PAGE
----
Aug 1, 2014

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Lago brota de la nada en Túnez








Lago misterioso aparece en el desierto de Túnez.

31/07/2014 16:41 / Staff

Playa de Gafsa.- Un lago que apareció repentinamente en medio de un área conocida por las sequías se ha convertido en la más nueva atracción de Túnez.

El lago fue descubierto por algunos pastores hace tres semanas, pero sus orígenes siguen siendo desconocidos. Un geólogo local cree que se puede deber a algún sismo, que creó una grieta por la que entró agua.

Hace dos semanas que fue descubierta, las autoridades advirtieron a los pobladores que el lago era peligroso y no apto para nadar.

El lago, que algunos han descrito como un milagro y otros como una maldición, contiene un millón de metros cúbicos de agua, y se cree que tiene entre 9 y 18 metros.


Lake mysteriously shows in drought-torn Tunisia

Hundreds enjoy new lake despite warnings that the water might be radioactive



Local shepherds in the drought-stricken region of Gafsa in the African country of Tunisia recently stumbled upon an incredible and mysterious sight: a beautiful lake, which emerged out of nowhere.

Some locals are calling it a miracle. Others are calling it a curse.

Hundreds of people are flocking to the new lake dubbed Gafsa Beach (a.k.a. Lac de Gafsa) to go swimming, diving, and scuba diving, or to simply find relief from the heat, this despite warnings by local authorities who claim the lake could be radioactive.


Public Safety director Hatef Ouigi told France 24 that the warning was a cautionary measure until experts can verify the water is not contaminated.

The lake, which covers 2 1/2 acres and is 32 to 59 feet deep, was discovered three weeks ago and already has its own Facebook page showing people enjoying the water, but officials are at a loss to explain its origins.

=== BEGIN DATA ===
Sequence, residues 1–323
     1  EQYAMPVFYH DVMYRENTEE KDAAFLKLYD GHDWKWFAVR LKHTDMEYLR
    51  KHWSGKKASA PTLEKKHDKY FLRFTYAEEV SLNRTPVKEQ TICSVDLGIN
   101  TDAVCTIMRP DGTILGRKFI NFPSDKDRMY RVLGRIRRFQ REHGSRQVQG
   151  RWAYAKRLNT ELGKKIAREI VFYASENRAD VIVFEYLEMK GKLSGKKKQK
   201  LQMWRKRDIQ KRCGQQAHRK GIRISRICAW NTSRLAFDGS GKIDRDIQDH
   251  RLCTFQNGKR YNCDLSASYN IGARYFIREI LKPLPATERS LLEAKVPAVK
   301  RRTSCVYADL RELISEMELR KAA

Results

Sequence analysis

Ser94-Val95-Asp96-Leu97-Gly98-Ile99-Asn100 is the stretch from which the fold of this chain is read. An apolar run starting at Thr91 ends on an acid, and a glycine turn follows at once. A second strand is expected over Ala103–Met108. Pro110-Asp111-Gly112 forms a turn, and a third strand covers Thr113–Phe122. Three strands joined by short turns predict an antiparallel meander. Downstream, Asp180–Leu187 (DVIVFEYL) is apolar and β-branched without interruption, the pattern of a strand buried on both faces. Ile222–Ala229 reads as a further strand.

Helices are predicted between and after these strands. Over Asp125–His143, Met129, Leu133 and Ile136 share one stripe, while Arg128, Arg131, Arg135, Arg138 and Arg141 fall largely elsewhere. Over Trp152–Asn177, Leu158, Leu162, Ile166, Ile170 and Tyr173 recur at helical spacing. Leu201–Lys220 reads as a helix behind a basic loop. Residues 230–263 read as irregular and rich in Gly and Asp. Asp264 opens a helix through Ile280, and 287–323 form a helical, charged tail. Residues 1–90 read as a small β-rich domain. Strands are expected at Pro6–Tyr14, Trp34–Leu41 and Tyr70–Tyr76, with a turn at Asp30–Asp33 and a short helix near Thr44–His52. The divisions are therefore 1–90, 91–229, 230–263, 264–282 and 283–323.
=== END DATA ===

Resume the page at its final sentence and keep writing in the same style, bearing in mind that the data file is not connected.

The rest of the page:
Lakhdar Souid, a journalist in the region,told France 24 that he contacted a geologist from Gafsa’s college of science in an attempt to find an answer.

One of the theories presented to him was that seismic activity upset the water table, causing groundwater to rise to the surface, Souid said.

“For the time being, the origins of this lake remain a mystery, but our biggest concern right now is the quality of the water,” Souid told France 24. “This region is overflowing with large deposits of phosphate, which can leave behind radioactive residue [phosphate mining is the region’s main industry].

“So, there is a real risk that this water is contaminated and carcinogenic. On the first few days, the water was a clear, turquoise blue. Now, it is greenish and filled with algae, sure signs that the water is stagnant, which means it’s a perfect breeding ground for parasites and disease.”

Unfortunately, the warnings weren’t enough to keep people away.

“The site is certainly stunning and there are many large rocks perfect for diving,” Souid told France 24. “So to truly dissuade people from coming, we’ll need something more convincing than a little warning.”

Let’s just hope Gafsa Beach turns out to be a blessing and not a curse. Only time will tell.

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  1. María Elena says:

    Los insensatos nadan sin saber como está ésta agua, debida a sismos que abren la tierra, es muy peligroso.

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